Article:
Leadership / 11.08.17
Being Mindful: Learn to Reduce Stress in Only Five Minutes
If your job stresses you out from time to time, you’re not alone. According to the American Psychological Association, everyone who has ever worked has felt the pressure of work-related stress at some point during their career. Only one in three people are handling it well. So, what’s the solution?
Reducing stress and being mindful are important to Victoria Cary, senior director of ticketing at SHN. Cary has been practicing insight meditation since 2006 and teaching mindfulness since 2013. While on the Inspiration Stage at the INTIX 2017 conference in New Orleans, she shared several tips that can help us all reduce stress, increase personal happiness and bring more balance to our lives.
“When we are really stressed out at work, we are not thinking clearly,” says Cary. “We are reacting from a place of anxiety and stress, so we may not make the best decisions if we are unable to clearly see what is really happening. If we take a step back, we are much better decision makers, and we are much kinder to our co-workers and employees.”
It all starts with “mindfulness,” a concept that world-renowned stress reduction expert Dr. Jon Kabat-Zinn defines as “awareness that arises through paying attention, on purpose, in the present moment, non-judgmentally.” Simply put, mindfulness is about being more aware of each moment as it unfolds and enjoying it for what it is without overthinking it or reacting to it.
Unfortunately, many of us spend our days multitasking, obsessing about the past or worrying about the future. Meanwhile our lives just pass us by. “Most of us are wandering through life on auto pilot,” says Cary. “We are not paying attention to what is happening internally and certainly not doing much to mitigate our state of being in a healthy way. This causes us to be vulnerable to stress, anxiety, depression and reactivity.”
So, how does one become mindful?
Mindfulness is possible for everyone, but it takes practice. Cary suggests starting the process by stopping for a moment and drawing attention to your breath. Simply taking three deep breaths can be supportive. If you have more time, you can close your eyes and focus on your body, finding the place where your breath is most prominent. You may find it helpful to lay a finger under your nose and feel the warm air as you exhale. Or, try putting your hand on your chest or belly and feeling the rise and fall of the breath. Just be with your breath. When you are breathing, know when you are breathing. The idea is to keep coming back to your breath, again and again. You may notice that you find yourself caught up in thoughts, your mind wandering here and there. When this happens, simply come back to your breath without judgement. Do this for five minutes. What we are practicing is coming back again and again to this very moment.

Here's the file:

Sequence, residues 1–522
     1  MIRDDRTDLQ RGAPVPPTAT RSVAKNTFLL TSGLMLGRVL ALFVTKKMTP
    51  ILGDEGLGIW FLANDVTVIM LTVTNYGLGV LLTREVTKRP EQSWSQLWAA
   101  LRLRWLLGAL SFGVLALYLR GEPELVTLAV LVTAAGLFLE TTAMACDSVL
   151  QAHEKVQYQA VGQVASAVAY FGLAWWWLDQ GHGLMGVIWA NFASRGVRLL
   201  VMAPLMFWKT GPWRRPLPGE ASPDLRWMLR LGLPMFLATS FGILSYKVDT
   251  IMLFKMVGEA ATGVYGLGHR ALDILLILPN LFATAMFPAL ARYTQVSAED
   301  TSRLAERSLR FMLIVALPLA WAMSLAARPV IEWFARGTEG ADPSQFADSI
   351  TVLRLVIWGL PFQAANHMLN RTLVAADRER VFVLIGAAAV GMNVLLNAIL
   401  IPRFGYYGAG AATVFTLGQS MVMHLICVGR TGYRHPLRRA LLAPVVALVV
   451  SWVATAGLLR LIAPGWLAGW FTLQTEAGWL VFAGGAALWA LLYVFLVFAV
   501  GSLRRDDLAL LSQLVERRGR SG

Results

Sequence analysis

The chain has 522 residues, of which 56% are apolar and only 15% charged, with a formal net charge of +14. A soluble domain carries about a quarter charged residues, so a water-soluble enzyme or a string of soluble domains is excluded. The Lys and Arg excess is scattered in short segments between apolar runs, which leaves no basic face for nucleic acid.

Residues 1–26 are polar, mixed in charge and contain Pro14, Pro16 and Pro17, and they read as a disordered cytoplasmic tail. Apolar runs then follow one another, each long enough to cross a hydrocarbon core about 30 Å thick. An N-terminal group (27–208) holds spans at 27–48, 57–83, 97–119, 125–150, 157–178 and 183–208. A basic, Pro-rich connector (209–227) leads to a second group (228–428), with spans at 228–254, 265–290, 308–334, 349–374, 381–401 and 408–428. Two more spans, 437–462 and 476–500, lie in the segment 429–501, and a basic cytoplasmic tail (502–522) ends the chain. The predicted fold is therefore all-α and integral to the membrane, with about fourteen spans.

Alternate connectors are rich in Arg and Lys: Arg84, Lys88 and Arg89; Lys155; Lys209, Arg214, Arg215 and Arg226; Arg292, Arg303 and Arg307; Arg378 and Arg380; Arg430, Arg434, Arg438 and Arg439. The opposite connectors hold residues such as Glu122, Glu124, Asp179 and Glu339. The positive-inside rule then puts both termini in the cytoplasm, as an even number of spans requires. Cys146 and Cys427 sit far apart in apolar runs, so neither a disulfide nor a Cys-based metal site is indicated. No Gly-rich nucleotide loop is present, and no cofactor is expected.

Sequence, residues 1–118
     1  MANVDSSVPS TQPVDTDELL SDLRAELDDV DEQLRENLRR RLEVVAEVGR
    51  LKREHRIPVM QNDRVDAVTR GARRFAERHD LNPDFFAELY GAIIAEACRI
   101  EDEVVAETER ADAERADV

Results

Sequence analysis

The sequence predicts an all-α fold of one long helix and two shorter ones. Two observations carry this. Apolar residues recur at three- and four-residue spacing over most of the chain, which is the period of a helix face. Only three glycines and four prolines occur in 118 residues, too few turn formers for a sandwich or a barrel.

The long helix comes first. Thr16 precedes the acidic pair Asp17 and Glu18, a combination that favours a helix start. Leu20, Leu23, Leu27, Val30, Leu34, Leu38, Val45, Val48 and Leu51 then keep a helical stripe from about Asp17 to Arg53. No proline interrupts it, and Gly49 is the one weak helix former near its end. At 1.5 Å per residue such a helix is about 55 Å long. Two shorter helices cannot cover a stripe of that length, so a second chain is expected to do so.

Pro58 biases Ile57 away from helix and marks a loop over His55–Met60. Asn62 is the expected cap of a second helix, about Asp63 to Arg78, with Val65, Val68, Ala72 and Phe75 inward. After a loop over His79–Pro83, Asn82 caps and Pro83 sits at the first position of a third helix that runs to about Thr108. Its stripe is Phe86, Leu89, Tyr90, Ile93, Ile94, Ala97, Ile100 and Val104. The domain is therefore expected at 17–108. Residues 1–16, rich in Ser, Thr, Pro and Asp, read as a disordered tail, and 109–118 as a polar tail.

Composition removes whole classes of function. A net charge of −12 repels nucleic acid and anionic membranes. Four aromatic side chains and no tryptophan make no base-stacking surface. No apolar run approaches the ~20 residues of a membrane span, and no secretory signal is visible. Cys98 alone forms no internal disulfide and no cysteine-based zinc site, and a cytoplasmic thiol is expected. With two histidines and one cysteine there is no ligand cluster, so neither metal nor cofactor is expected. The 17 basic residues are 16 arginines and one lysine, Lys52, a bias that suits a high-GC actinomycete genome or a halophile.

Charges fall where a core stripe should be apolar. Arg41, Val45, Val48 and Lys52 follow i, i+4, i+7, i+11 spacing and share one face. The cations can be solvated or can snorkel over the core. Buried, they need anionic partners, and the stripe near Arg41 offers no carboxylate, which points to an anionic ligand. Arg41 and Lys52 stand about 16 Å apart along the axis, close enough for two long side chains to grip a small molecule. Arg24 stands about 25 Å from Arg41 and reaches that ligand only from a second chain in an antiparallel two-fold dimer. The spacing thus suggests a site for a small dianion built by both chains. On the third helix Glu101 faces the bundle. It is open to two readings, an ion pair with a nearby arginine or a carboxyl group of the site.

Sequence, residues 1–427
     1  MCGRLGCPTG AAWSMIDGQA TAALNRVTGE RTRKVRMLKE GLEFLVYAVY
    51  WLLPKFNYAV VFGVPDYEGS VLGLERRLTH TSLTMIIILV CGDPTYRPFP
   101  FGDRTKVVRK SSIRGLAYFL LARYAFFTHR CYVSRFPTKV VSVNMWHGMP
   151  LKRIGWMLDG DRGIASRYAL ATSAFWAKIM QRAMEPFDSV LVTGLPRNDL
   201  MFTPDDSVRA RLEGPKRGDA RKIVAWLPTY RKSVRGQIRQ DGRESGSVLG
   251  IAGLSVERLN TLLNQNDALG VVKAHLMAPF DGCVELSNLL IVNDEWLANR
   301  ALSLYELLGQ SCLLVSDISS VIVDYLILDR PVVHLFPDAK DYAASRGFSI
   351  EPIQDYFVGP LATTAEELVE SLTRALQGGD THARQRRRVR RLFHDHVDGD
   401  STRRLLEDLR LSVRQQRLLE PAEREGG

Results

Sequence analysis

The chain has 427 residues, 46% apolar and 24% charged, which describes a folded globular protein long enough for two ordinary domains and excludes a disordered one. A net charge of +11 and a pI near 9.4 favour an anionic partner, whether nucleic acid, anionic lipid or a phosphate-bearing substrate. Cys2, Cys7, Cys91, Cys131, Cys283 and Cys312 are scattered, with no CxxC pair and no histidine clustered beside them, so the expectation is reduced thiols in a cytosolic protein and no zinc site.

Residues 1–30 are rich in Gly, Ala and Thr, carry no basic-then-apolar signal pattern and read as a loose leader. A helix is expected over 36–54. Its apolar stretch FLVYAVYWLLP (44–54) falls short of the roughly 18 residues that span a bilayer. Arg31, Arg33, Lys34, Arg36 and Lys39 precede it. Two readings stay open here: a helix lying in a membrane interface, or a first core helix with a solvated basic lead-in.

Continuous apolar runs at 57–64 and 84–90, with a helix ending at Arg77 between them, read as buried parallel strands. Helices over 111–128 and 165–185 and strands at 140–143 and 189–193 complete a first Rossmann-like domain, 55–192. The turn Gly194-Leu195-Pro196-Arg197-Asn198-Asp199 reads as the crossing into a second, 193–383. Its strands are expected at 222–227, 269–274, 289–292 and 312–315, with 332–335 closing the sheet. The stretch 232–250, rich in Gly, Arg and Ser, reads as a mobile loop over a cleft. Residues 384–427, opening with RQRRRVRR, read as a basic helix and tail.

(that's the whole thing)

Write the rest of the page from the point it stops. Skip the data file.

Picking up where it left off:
After you’ve practiced in this way for a while, you may want to start applying mindfulness to your everyday routine activities. “You can come back to paying attention in this way when you are walking, you can do it sitting, you can do it with your eyes open or closed, you can do it lying in bed, you can do it on your commute to work,” says Cary. “But, for it to work, you have to practice. It’s not an intellectual pursuit ― you can’t just read about it; you need to do it.”
Cary suggests practicing by becoming fully engaged in whatever it is you are doing at any given moment. For example, while washing your hands, just wash your hands, or while walking down a hall, just walk down the hall. Transitions can be helpful reminders. For example, be mindful as you walk out the door for the day or walk into a meeting. “It’s not about doing it well, it’s about just doing it,” says Cary. “There is a cumulative effect. The more you do it, the easier it is to do.”
While you work at becoming mindful, Cary also suggests going into your day with clear intentions. She suggests asking yourself these questions:
- How do I want to show up today?
- What am I going to do when so-and-so irritates me?
- When am I going to practice today?
Engage yourself fully in whatever you are doing and make a commitment to be fully present with the people in your life.
While mindfulness can help us cope with stress on the job, its rewards go far beyond the workplace. Research shows that it has numerous physical as well as psychological benefits. Perhaps most important of all, it has been found to be a key element in happiness. In applying it to her own life, Cary readily says, “It is my everything.”
INTIX thanks Victoria Cary, senior director of ticketing at SHN, for sharing her experiences at our 2017 conference. Members with questions can reach Victoria directly via email at email@example.com.
Finding calm in the chaos of live sports and entertainment might seem just out of your reach. Attend the session "Calm in the Chaos: An Introduction to Mindfulness in Leadership," led by Kay Burnham, vice president of guest services and current INTIX board chair at the Segerstrom Center for the Arts, at the INTIX 40th Annual Conference in Texas on Jan. 29-31, 2019.
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